I suppose this is intended as a poke in the eye to those holding that Grant suffered migraines which were mischaracterized as inebriation, or to those more recently proposing that Grant suffered exaggerated effects from occasional small amounts of drink - a kind of allergy. That leaves the school of thought that "Grant did drink, but there is no evidence that it ever affected the performance of his duties. Also, he drank only when he was lonely," as one reviewer has said. The reviewer was recapping Geoffrey Perrett's position, a position elevated to holy writ in (typically unattributed) restatements by the Greatest Living Civil War Historian himself.
There is a clue to Longacre's motivation in the beginning of the essay: "Given the importance of the subject, Grant’s drinking habits should be recognized and examined, not ignored or downplayed as they have been by overzealous defenders of his good name during his lifetime and ever since." Later on he says, "More difficult to gauge is whether this habit hampered his ability to command or (as some observers contend) propelled him toward military success even as it marked him as a failure in civilian life."
Longacre, then, appears to reject the "case closed" declaration by Perrett (and others). He is reopening the question of drink and performance.
Nevertheless, he arrives at a similar place by the end of the essay, which makes this whole exercise so curious. Perhaps he thinks his own position is more nuanced (emphasis added):
Given the high visibility his position attracted after 1861, Grant’s dependence on alcohol might well have threatened his continuance in command. Instead, through a combination of factors -- his determination to abstain when military operations were in progress; a moral strength based on religious values that has escaped the notice of many historians; and the support of relatives, subordinates, and political backers, chief among them Abraham Lincoln -- Grant persevered to play a critical role in ending America’s costliest war and restoring the Republic.So Grant gets the credit for persevering. His reputation is enhanced.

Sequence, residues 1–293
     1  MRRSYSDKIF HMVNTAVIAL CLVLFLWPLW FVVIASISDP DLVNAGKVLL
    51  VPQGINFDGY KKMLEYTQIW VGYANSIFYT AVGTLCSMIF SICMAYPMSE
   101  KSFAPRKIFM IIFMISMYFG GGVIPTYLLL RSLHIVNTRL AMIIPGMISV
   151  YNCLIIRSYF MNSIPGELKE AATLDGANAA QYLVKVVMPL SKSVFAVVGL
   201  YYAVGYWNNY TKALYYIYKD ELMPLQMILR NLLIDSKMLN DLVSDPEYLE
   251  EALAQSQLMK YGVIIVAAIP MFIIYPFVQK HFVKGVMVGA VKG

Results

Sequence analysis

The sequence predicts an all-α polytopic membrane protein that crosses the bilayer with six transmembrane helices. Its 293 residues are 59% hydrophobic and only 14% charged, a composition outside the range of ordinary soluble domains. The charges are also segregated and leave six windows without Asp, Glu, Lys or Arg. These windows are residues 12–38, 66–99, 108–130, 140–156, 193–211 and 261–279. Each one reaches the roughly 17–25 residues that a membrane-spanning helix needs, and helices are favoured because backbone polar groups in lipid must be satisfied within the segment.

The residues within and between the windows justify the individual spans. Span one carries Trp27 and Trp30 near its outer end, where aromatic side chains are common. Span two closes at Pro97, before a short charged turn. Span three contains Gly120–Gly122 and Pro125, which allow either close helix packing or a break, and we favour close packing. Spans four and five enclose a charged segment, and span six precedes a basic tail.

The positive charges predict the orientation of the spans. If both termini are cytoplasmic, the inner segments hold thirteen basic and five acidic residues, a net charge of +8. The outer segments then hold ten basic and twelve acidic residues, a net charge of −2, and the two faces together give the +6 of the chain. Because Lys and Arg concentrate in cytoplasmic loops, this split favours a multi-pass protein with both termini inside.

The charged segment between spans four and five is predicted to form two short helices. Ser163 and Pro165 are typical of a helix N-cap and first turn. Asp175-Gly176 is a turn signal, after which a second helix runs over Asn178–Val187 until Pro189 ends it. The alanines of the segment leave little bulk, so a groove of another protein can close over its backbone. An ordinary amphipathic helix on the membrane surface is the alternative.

Unless the door to examining the performance/drink nexus is reopened with this essay (which seems a bit much to ask) this looks to be merely an exercise in authorial self-gratification. Welcome to Civil War history.
Not because I believe he was incapable or a drunk but because it seems opportune, I'd like to share a Grant anecdote with you in my posession transcribed from a letter written by William Franklin to George McClellan. Haven't seen this in print, which is why I offer it excerpted from the longer text. It also gives a sense of Grant's reputation among peers and a taste of Franklin's charming way with gossip.
February 4, 1864
My Dear Mac,
Your letter of the 19th ult. reached here this morning, and I was delighted to see a specimen of your chiriography once more. I was afraid you had entirely scratched me from your books.
Let me give you an instance of Grant's luck. He came to New Orleans last August with Old Thomas. He at once got onto the most tremendous frolic, was drunk and all over the city for forty-eight hours. Then reviewed the troops of the 13th Corps, took lunch and afterwards galloped over an exceedingly dusty road full of splits, tumbled head over heels and was badly hurt - the getting badly hurt was the luck. Had he not been hurt he would have frolicked for a fortnight, the whole country would have believed he sometimes takes a drink, and I doubt whether he would have outlived the frolic. At Vicksburg just before this frolic, he told me that he had drunk nothing since the war began, but Mrs. Grant was about there.